Re: How should I start with mathematica?
- To: mathgroup at smc.vnet.net
- Subject: [mg85363] Re: How should I start with mathematica?
- From: "David Park" <djmpark at comcast.net>
- Date: Thu, 7 Feb 2008 04:49:06 -0500 (EST)
- References: <firstname.lastname@example.org>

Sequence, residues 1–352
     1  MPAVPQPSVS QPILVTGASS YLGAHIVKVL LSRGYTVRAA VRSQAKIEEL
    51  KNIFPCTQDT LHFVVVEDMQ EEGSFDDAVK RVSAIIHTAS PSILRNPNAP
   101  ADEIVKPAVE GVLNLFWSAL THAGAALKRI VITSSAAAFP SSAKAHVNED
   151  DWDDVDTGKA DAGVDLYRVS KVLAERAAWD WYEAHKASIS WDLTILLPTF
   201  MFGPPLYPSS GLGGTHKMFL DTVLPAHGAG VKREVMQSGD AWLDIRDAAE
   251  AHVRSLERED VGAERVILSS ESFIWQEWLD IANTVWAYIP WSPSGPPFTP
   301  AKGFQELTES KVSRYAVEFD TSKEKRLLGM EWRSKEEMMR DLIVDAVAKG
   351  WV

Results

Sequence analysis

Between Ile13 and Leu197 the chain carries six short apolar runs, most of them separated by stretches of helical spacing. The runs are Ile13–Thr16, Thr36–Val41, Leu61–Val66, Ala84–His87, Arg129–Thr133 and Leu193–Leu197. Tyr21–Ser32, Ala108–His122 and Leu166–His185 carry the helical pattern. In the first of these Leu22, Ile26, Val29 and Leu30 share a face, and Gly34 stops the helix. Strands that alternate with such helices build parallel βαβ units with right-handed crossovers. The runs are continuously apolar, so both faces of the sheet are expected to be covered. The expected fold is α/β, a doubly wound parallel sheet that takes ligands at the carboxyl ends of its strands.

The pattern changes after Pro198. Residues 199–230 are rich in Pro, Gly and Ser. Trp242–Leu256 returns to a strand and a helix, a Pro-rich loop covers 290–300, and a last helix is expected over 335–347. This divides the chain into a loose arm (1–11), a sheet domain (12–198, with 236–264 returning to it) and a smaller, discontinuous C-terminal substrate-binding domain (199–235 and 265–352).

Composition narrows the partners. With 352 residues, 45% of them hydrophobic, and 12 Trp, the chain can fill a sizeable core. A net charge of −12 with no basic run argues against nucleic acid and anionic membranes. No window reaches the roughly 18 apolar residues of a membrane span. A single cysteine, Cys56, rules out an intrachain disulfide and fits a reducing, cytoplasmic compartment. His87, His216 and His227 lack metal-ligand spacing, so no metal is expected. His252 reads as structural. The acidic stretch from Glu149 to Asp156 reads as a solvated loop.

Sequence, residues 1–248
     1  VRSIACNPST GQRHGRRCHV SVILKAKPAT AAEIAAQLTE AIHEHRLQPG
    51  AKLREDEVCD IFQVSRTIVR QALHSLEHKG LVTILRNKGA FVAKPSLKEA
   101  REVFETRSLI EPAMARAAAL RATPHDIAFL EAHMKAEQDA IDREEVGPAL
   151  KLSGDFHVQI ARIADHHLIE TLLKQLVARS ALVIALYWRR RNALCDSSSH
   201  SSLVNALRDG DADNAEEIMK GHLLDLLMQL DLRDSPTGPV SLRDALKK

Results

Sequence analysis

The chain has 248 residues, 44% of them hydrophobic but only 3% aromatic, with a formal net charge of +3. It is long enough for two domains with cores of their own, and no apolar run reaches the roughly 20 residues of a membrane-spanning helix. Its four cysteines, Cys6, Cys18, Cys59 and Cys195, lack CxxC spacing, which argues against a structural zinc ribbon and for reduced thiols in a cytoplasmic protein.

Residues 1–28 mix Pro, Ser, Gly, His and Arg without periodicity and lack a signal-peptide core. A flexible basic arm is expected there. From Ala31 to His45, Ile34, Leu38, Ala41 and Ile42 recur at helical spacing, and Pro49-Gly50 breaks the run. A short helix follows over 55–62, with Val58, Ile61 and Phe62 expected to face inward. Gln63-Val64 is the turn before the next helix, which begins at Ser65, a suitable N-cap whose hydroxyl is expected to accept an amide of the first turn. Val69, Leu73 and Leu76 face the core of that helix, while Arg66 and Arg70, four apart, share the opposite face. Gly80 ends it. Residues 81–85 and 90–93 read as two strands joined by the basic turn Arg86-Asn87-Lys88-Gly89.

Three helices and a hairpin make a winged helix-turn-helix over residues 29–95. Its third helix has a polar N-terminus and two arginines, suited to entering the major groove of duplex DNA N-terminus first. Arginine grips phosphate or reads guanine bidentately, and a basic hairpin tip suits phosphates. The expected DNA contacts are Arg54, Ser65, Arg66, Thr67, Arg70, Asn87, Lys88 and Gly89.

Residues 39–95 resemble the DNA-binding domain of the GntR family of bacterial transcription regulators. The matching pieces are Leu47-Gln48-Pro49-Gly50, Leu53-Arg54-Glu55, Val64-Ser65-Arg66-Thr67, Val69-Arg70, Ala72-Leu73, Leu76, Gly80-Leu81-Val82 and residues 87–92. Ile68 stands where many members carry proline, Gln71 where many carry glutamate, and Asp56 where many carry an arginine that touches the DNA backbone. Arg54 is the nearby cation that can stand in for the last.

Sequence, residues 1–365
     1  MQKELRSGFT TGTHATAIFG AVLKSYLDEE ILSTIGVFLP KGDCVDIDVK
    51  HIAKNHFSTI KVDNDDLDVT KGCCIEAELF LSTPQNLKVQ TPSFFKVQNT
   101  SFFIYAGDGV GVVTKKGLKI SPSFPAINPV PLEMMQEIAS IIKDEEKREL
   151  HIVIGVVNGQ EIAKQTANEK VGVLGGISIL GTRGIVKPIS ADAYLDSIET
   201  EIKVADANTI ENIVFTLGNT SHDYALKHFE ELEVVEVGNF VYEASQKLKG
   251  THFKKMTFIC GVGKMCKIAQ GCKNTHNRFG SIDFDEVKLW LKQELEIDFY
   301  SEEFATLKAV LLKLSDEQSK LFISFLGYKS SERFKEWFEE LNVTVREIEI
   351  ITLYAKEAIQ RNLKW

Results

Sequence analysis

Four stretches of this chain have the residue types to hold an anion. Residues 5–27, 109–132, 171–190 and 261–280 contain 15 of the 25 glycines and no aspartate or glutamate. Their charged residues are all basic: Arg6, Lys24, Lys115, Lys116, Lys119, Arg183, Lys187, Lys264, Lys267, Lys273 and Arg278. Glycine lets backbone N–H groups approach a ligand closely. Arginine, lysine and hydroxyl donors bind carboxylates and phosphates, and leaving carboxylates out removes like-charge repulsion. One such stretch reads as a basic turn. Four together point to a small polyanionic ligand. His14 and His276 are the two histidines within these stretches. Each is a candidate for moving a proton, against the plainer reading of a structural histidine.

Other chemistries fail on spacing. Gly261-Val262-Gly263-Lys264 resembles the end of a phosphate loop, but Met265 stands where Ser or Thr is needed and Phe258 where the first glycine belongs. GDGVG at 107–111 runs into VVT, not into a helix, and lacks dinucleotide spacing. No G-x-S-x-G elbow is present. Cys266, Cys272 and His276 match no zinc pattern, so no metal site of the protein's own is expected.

1) Go to Help, Documentation Center, and read and type. Especially Core Language, Mathematics and Algorithms, Visualization and Graphics. 2) Actually type in the Help commands in your own notebook, try variations that you can think of, and make sure they work. 3) Pay special attention to the Functional Programming commands. Just keep pushing the envelop. 4) In graphics don't overlook the use of graphics options, which at first may seem complicated and confusing. 5) Take the time to learn the syntax and basic commands before undertaking a major project. Then try to use Mathematica 'flying solo' on simple topics you already know the answer to. 6) Use MathGroup. There are NO silly questions. Silly people wouldn't even use Mathematica in the first place. Mathematica is complex enough that nobody knows everything about it and everybody deserves help. 7) Learn how to use the sectional organization of notebooks and learn especially the use of Text cells to document and explain what you are doing. Text cells are almost as important as Input/Output cells. 8) As you become more advanced try to develop and calculate everything actively within Mathematica. Write the definitions you need and use them. You will have to do this. Everything that might be convenient for your work will not be directly in Mathematica. This requires some effort but the payoff is enormous in terms of understanding, consistency and self-proofing. 9) Try not to think of Mathematica as just a 'super calculator' or as a 'programming language'. And especially don't waste time trying to morph Mathematica into some other programming language. Think of a Mathematica notebook as a piece of paper on which you are writing and developing your technical ideas. Once you become resonable proficient with Mathematica you can think in terms of your subject matter and not in terms of computer science. We have already paid WRI good money to do the computer science. 10) So this is what I wish for you: when you click the Mathematica icon it will be just like when Euler reached for pen and paper. Maybe even better. -- David Park djmpark at comcast.net http://home.comcast.net/~djmpark/ "Chengcheng" <tntwc_cn1 at yahoo.com.cn> wrote in message news:fobjom$mqj$1 at smc.vnet.net... > I'm new in mathematica, Is there any approach recommended to start with > mathematica? >